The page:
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Should we call Bush "evil"?

vastleft's picture

In response to Glenn Greenwald's post about whether Manichean turnabout is fair play, when it comes from Bush detractors...

Calling Bush and his party "evil" is accurate but not sufficient.

I certainly agree that to say "he's evil, and that's that" is moronic and unproductive.

Also, I don't hold with those who think the evil and malfeasance are all about personal profit.

It appears to me that the Bushies' motivating force is that oft-cited Leo Strauss mentality -- the idea that there is a class of people who know what's best, the good people, and shifting power to those people (who, as it happens, are already quite powerful) is the best way to fight all the bad in the world. Little -- if any -- of his record contradicts that perception of his worldview.

The danger of the "that's that" mentality is that it does little to help us understand, communicate, and (if the fates and voters allow) undo the damage these bastards are wreaking upon our country.

The danger of not stressing the fundamental evil (or choose whatever comparable, non-moralistic language you prefer to describe non-stop lying, wanton killing, and active disregard for the less-fortunate) is that many folks are disillusioned with politics in general and respond to the Democrats' more-than-occasional acts of mediocrity with apathy or protest votes.

I think it's vitally important that the message be well understood that today's GOP has lost its DC privileges for the foreseeable future -- that is, if our American democracy is still capable of doing its job.

The choice isn't between two evils, or two mediocracies. One party has gone terribly, terribly wrong, and that needs to be much better and much more widely understood, through a combination of well-researched, nuanced analysis and plain talk about how historically terrible, untrustworthy, and dangerous this gang is.

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Submitted by lambert on

Using the word "evil" in a discussion is rather like using the word "fascism," isn't it? Sort of brings matters to an end....

OTOH, I do believe that evil is real--that humans can recognize it, and practice it. (That is, humans are innately both good and evil--presumably because both good and evil acts are selected for by nature). I don't believe in spirits or the spirit or anything supernatural, but I do believe that every human being has a soul, and that it's possible to damage the soul, perhaps irretrievably, through evil acts.) It's quite clear, for example, that evil was done at Auschwitz, in Rwanda, in the Crusades, and that humans did it. (And I would add, that a just God, let alone a loving one, would never have permitted it.)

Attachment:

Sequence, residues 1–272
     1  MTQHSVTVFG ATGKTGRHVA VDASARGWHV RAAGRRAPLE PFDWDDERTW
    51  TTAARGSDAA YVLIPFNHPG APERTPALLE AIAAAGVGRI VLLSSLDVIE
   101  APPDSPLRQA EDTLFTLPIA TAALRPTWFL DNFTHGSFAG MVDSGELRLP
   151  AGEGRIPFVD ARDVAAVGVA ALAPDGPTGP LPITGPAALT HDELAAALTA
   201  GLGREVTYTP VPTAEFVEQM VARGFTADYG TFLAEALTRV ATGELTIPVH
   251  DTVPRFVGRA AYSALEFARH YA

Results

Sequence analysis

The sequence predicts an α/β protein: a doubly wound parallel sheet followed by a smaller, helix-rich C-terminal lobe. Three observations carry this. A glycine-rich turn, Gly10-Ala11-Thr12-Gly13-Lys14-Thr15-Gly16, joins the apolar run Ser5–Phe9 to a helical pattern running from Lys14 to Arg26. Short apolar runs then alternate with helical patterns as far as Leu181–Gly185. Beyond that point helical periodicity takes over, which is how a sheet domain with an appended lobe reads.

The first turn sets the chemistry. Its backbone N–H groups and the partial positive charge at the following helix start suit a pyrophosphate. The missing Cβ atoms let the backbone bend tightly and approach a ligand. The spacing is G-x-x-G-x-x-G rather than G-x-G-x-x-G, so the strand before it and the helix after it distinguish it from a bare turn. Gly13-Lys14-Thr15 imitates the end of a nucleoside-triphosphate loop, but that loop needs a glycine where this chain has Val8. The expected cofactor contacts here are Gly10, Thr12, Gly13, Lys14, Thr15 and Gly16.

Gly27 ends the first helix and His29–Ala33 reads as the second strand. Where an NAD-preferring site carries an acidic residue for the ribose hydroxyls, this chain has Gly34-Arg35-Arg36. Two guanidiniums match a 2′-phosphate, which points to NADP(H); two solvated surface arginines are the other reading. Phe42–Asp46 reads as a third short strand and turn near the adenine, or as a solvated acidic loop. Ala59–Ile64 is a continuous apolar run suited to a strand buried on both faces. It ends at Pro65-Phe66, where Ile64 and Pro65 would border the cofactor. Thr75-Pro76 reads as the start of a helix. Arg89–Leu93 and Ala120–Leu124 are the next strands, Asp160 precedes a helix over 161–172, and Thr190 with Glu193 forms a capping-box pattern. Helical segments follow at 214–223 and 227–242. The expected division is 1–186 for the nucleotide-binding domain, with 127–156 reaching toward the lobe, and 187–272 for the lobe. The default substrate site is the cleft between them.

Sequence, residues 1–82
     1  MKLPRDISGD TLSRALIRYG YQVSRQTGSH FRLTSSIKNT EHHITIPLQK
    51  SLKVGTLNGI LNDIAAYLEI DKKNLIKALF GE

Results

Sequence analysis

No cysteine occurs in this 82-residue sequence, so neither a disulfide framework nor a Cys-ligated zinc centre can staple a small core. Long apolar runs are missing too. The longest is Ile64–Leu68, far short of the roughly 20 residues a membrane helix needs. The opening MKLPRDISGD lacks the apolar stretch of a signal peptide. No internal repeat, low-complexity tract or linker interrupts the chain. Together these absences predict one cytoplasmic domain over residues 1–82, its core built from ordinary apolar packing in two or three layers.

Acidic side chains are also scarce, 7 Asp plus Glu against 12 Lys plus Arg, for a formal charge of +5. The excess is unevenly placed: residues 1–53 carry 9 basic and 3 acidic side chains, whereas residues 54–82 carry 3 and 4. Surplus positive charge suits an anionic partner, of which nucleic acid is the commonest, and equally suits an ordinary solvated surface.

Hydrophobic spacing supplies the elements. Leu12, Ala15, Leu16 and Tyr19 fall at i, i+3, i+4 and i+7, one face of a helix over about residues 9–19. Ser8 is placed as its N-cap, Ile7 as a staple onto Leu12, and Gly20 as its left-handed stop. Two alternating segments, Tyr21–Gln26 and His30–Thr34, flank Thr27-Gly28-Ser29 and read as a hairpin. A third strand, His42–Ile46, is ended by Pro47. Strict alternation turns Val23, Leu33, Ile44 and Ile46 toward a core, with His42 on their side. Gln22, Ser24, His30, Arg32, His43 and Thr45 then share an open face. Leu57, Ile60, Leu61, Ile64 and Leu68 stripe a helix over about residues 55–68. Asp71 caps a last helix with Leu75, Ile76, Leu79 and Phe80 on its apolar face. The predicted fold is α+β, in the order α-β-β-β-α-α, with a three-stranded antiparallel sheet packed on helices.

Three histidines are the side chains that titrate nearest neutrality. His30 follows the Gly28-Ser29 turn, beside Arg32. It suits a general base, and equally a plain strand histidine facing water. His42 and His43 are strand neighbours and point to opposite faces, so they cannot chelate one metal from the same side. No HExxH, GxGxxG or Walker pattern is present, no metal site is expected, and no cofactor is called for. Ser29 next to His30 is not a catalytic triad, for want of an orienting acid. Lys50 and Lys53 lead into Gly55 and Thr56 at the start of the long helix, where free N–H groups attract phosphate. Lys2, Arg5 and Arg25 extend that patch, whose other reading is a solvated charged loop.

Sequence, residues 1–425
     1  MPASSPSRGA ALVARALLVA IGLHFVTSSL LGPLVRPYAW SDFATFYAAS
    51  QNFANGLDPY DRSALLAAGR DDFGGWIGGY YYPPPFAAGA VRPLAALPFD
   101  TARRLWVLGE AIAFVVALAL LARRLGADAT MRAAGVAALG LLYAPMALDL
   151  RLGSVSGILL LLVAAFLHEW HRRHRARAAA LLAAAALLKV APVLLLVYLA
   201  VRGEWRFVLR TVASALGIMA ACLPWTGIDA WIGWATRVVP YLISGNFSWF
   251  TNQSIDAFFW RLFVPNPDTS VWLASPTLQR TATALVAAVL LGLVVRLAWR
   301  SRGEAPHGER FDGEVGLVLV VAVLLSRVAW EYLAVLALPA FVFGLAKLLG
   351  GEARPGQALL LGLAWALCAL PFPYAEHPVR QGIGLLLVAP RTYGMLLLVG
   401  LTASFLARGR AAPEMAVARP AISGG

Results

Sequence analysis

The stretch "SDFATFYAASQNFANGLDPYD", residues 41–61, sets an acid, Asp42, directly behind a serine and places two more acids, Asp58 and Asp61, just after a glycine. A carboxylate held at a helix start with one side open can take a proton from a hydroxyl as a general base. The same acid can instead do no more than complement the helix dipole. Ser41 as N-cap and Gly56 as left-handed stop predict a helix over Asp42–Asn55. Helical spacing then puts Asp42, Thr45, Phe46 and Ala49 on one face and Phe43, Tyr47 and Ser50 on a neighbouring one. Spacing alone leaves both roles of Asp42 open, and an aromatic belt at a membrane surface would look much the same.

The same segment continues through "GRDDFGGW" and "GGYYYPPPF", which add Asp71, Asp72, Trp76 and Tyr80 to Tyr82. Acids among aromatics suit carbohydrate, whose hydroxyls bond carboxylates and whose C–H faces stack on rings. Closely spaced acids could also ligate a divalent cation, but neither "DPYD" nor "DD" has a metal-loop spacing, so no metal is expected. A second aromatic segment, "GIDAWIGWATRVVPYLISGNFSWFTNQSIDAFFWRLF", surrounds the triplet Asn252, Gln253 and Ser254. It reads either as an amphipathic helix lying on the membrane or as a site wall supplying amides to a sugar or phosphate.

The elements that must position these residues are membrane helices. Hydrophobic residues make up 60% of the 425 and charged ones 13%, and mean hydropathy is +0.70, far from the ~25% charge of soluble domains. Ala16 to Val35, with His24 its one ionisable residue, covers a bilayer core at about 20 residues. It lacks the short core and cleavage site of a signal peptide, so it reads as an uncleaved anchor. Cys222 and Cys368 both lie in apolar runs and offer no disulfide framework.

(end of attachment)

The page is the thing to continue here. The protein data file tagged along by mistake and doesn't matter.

Evil is hard to write about, and if you work too hard to understand it, you risk getting sucked in. As I've written elsewhere, M. Schott Peck has a wonderful book called People of the Lie (POTL) about evil, and a cardinal sign of evil is lying and concealment and camoflage.

Coined by Christian psychiatrist and theologian M. Scott Peck in his book The People of the Lie, which is, among other things, an examination of the nature of human evil. Peck quotes Martin Buber:
Since the primary motive of evil is disguise, one of the places evil people are most likely to be found is within the church.

Additional excerpts can be found here. "Utterly dedicated to preserving their self-image of perfection, they are unceasingly engaged in the effort to maintain the appearance of moral purity. They are acutely sensitive to social norms and what others might think of them. They seem to live lives that are above reproach. The words "image", "appearance" and "outwardly" are crucial to understanding the morality of 'the evil'. While they lack any motivation to be good, they intensely desire to appear good. Their goodness is all on a level of pretense. It is in effect a lie. Actually the lie is designed not so much to deceive others as to deceive themselves. We lie only when we are attempting to cover up something we know to be illicit. At one and the same time 'the evil' are aware of their evil and desperately trying to avoid the awareness." Peck's material, I feel, has great potential for analyzing and deconstructing the nature and behavior of the wing of the Republican party that has captured our government. With the caveats, that Peck raises, that evil is very dangerous to analyze--since we are, after all, all vulnerable to it.See also: SIC, VRWC

Remind you of anything? Like the White House under the criminal Bush regime?

No authoritarians were tortured in the writing of this post.

vastleft's picture
Submitted by vastleft on

Whether or not "evil" is ultimately the best word, I do think it's very important to bust out of the world of equivalation.

It's one of the great sins of the age that the profound difference between a party gone horribly awry and its only viable competition -- a party that is merely somewhat disappointing -- is elusive to so many people.

This ain't no horse race, and Ralph Nader is woefully wrong when he says he can't see a difference between the two parties. Sure, we may think the Dems deserve to lose their "-ic" now and again, but the Darth Vader party is something else altogether.

We need strong language and imagery to go with all the facts and nuance that are on our side to crystallize the profound differences between today's corrupt, valueless, authoritarian (i.e., "evil") GOP and today's imperfect Democrats.

Submitted by [Please enter a... (not verified) on

OK, Bush is evil. So what? In a country of 300 million, there are bound to be evil people.

More to the point, what kind of country elevates such a man to power? The Democrats might be somewhat different, we don't know yet, but they are plainly content to continue enabling him.